The National Cancer Institute lists more than 250 cancer drugs on its website — a few of these are targeted therapies. A targeted therapy is one that is designed to precisely “hit” only those cells that express the molecules that cause the cancer. In order to design a targeted therapy, a tremendous amount of research has to be done to understand the molecular mechanism that caused the cancer, and how the cancer cell survives and divides unceasingly. In the last two decades, due in large part to basic research funded by the National Institutes of Health, we now have access to targeted therapies to some cancers. The trailblazers were Herceptin, or trastuzumab, and Gleevec, or imatinib. In the US, Herceptin was approved for treatment of HER2+ breast cancers in 1998; Gleevec was approved for treating chronic myelogenous leukemia (CML) patients three years later.

A cell’s DNA might acquire mutations, some of which result in cancers, some of which become resistant to treatments. We’ve all heard of MRSA infections — those that are caused by staph bacteria that have become resistant to typical antibiotic treatments because of mutations in the staph DNA; tumor cells can similarly acquire a resistance to an ongoing therapy. Drug resistance can also occur because of other reasons, as shown below.

In some cases, tumors shrink significantly upon initial treatment with a targeted therapy, but the respite can be short-lived because the tumor develops resistance to the therapy. This can happen because the tumor exhibits a previously undetected mutation, which “outsmarts” the treatment program, resulting in the tumor growing again, and sometimes causing metastases in other organs.

This brings us to today’s news from Stockholm. A relatively new addition to the possibilities for treating cancers is immunotherapy. Dissecting mechanisms whereby T-cells don’t attack healthy tissue had already been useful in studying and developing treatments for autoimmune disorders. It was a system of “brakes” on the T-cells that protected healthy tissue from T-cell attack. Researchers exploited this system in developing inhibitors for those “brakes” so that in cancer patients, inhibition of the brakes can allow the immune system to attack and clear out cancer cells. This class of drugs is called “checkpoint inhibitors.”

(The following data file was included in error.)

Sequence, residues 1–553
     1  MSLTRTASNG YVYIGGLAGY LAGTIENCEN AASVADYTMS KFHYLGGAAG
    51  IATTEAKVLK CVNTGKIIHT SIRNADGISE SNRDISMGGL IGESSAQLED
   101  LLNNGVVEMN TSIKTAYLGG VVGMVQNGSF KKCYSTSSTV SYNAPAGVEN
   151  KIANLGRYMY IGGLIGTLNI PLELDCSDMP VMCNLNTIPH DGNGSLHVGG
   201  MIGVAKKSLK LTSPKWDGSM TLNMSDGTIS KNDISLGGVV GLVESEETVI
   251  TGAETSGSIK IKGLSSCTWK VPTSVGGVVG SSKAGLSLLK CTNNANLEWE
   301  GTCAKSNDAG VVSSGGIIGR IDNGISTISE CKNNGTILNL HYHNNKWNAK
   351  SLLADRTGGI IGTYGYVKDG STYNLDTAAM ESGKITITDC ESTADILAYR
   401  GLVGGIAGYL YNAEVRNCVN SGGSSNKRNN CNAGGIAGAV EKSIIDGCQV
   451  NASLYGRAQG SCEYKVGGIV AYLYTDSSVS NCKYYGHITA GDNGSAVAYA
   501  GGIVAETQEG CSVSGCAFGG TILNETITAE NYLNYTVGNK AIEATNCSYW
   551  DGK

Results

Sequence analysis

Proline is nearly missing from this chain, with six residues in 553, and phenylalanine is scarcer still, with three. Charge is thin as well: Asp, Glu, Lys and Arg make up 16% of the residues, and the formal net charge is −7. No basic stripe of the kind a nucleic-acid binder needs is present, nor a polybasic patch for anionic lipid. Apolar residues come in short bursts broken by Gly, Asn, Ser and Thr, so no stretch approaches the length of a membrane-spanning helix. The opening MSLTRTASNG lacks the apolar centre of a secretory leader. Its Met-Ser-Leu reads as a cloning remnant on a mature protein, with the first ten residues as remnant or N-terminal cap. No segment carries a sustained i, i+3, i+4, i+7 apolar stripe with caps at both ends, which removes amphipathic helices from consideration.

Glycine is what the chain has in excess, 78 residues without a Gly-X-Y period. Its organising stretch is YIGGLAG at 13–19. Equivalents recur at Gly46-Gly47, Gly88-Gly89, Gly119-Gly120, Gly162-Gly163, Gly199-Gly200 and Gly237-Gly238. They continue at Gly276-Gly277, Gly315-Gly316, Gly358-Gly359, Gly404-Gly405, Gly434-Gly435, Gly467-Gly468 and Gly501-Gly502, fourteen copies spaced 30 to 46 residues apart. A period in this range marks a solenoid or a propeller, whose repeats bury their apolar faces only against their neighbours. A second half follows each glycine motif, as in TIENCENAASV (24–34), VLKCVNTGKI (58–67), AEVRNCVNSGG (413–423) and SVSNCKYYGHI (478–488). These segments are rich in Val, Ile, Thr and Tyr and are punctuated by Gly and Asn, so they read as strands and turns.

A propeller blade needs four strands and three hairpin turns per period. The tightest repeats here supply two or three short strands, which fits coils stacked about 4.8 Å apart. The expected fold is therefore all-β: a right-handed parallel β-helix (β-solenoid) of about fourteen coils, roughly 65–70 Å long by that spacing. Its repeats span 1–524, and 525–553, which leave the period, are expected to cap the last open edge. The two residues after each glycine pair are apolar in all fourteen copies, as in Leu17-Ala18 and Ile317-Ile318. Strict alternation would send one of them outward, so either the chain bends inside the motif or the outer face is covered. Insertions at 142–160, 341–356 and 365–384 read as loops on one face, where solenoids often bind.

Illustration courtesy Andy Brunning

The efficacy of checkpoint inhibitors can be improved by using them in conjunction with a personalized treatment that is called CAR-T therapy. Briefly, this involves collecting cells from the immune system — T-cells or T- lymphocytes— and engineering them in the lab to express a protein on their surface that can recognize a specific cancer cell type. These engineered cells called CAR-T cells, are introduced into the patient and circulate through the body looking for cancer cells. Once the CAR-T cells recognize cancer cells, the immune system goes into full gear and destroys the cancer. As of this writing, two CAR-T therapies have been approved by the FDA — one for acute lymphoblastic leukemia (ALL), the other for large-B-cell lymphomas. However, these are still early days of CAR-T therapies and researchers and clinicians are still working on minimizing collateral damage to the patient. Nevertheless, explorations on expanding this method to also treat other cancers, continue.

The principle of the CAR-T approach has been extended to natural killer (NK) cells, another type of immune cell. The first trials of CAR- NK cells started in China in 2016, in patients with several kinds of cancers — early results from one trial suggest the cells are safe. At MD Anderson, Katy Rezvani and colleagues are pitting CAR-NK cells against several varieties of lymphoma and leukemia. A European trial testing CAR-NK cells in patients with the brain cancer glioblastoma was launched this year. On the horizon — CAR-macrophages. If successful, this would be a major breakthrough in treating solid tumors because macrophages, another cell type in the immune system, patrol the body ready to clean up cellular debris, microbes, and even have the capacity to engulf and destroy cancer cells.

The future certainly looks promising for cancer treatments. Unfortunately, the cost of many of these treatments is prohibitive and can run well in excess of a million dollars. With insurance companies being slow to embrace these new treatments, patients and families are left struggling to make decisions that are often simply too difficult and clinical trials become attractive options.

Use this link if you want to look for clinical trials for various cancers - https://www.cancer.gov/about-cancer/treatment/clinical-trials/search

Deepti is a scientist & now, a research analyst at Yale University. She runs Tilde Cafe, a forum to demystify science & make it accessible (www.tildecafe.org)